Out on DVD and Blu-Ray this week: The final chapter for Bella the wannabe sparkly vampire who finally got her wish, plus another woman transformed into something monstrous thanks to an injection of fruit-fly venom, and a space station under siege by a mortally constrained effects budget.
The home video release of Breaking Dawn Part 2 might be positioned to do well off those who refused to see the cheesy and visually unimpressive final installment of the Twilight Saga (and never was a franchise better described as a saga for those of us slogging through waiting for the end, unless it had been called the Twilight ordeal instead), except that it's hard to imagine anyone but the Twihard fans shelling out full price for the Blu-Ray, either. And make no mistake: it isn't just that the series has gained this iconic pop culture repulsion, like Up with People or Bennifer. The Twilight movies have actually gotten progressively worse since the first one, which was decent solely through the heroic efforts of Catherine Hardwicke, and five movies in it's to the point that the lame dialog, glacial pacing, perfunctory performances, and just above Syfy Original Movie level effects combine to make the end result all but unwatchable, apart, it must be said, from the brief, partially redemptive action climax.
Formats: UV Digital Copy + DVD, UV Digital Copy + Blu-ray.
The story: the birth of Bella and Edward's child brings conflict between Bella and her lifelong friend, Jacob, and an all-out war between the Cullens and the Volturi.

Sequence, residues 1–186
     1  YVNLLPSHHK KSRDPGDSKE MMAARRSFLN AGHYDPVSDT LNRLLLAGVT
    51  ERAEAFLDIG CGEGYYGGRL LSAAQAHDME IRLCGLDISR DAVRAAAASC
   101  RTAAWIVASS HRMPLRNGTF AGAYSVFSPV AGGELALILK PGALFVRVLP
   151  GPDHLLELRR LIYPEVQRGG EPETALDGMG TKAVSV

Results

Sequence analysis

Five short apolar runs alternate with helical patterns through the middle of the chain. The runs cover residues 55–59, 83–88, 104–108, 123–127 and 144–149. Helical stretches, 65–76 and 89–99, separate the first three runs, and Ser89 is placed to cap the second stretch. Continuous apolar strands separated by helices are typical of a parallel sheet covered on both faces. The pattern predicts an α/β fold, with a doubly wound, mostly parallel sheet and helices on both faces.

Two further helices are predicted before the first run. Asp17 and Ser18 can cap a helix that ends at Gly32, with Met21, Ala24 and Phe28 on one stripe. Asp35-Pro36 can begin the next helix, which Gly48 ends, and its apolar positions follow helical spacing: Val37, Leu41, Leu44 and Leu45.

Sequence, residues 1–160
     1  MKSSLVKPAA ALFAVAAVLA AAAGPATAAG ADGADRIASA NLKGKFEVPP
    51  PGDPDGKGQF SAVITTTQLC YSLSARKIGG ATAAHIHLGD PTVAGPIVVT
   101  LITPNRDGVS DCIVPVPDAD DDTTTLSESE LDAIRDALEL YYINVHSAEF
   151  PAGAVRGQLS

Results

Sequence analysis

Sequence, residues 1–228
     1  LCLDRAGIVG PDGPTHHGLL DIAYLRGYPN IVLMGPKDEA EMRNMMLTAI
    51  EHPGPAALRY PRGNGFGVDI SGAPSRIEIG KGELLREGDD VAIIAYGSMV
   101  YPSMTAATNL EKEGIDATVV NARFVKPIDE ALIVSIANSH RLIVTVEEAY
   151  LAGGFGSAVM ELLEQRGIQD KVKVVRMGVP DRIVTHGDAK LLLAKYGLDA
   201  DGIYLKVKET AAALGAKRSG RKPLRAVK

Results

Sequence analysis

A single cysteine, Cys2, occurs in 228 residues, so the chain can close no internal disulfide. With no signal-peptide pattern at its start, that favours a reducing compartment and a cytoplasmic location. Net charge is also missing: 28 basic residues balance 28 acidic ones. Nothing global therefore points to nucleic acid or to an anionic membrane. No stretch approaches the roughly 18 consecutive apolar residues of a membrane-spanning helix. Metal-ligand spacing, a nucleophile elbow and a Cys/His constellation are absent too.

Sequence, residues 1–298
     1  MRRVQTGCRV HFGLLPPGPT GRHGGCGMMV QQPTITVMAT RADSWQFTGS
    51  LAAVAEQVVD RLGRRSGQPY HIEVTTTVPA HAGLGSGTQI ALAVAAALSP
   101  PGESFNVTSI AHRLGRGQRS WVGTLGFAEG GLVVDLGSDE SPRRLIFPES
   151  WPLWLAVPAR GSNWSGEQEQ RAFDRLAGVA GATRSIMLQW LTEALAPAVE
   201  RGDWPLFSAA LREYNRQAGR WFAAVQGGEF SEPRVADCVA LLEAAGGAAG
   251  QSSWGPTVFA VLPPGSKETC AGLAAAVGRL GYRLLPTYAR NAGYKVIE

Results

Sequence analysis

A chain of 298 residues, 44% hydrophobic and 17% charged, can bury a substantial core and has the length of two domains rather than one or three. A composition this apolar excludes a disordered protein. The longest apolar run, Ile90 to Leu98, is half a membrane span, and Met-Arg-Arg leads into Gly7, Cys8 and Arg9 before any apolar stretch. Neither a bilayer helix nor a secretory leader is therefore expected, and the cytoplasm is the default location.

Starring: Kristen Stewart, Robert Pattinson, Taylor Lautner, Dakota Fanning, Ashley Greene, Jackson Rathbone, Anna Kendrick, Nikki Reed, Kellan Lutz, Peter Facinelli, Billy Burke, Elizabeth Reaser.
Directed by: Bill Condon.
Box office: $291.8 Million.
Features: "Forever: Filming Breaking Dawn Part 2" – Seven-part "making of" documentary: Chapter 1: "Rebirth", Chapter 2: "Renesmee", Chapter 3: "The Cottage", Chapter 4: "The Gathering", Chapter 5: "The Field", Chapter 6: "The Battle", Chapter 7: "Forever"; "Two Movies at Once" featurette; "The Forgotten" Green Day music video; "Jump to" features; Audio commentary with director Bill Condon.
From the same writer-director as the following year's original version of The Fly, and together forming a sort of climax to three decades of pulp classics (including Tarzan and the She-Devil, 1953 -- apparently that one is a different she-devil), space operas (including Kronos and Rocketship X-M), and midnight horrors, She Devil, the lone, somewhat disappointing adaptation of the overlooked Thirties writer Stanley Weinbaum, operates according to one of the inviolable rules of Fifties sci-fi cinena: they will be punished who tamper in God's domain. It's not seminal, but the star, Mari Blanchard, is not without charm, and Albert Dekker is as usual a welcome distraction.
Formats: DVD and Blu-Ray.
The story: Jack Kelly stars as a doctor who invents a miracle cure for several horrible diseases. Suffering from tuberculosis, Mari Blanchard agrees to test out Kelly's wonder serum. Almost instantly, Mari's health and strength are restored. Unfortunately, there is one teeny-tiny side effect: Mari's benign personality transforms into that of a scheming predator with a pronounced homicidal streak.
Starring: Mari Blanchard, Jack Kelly, Albert Dekker, John Archer.
Directed by: Kurt Neumann.
Features: Remastered for Blu-Ray, both otherwise this is an Olive Films release, and that means no extras.
This low-budget direct-to-video indie, from the folks at self-described micro-studio Pandora Machine, was renamed by the distributor for North American release even though Total Retribution is a much, much dumber name than Earthkiller. Maybe that name is reserved for Galactus?
The story: Trapped on a space station orbiting Earth, a small army of human survivors battle the Undead in order to prevent the destruction of the Earth.
Starring: Robin Kurtz, Lucy Rayner, Maduka Steady.
Directed by: Andrew Bellware (Android Insurrection).
Features: None listed.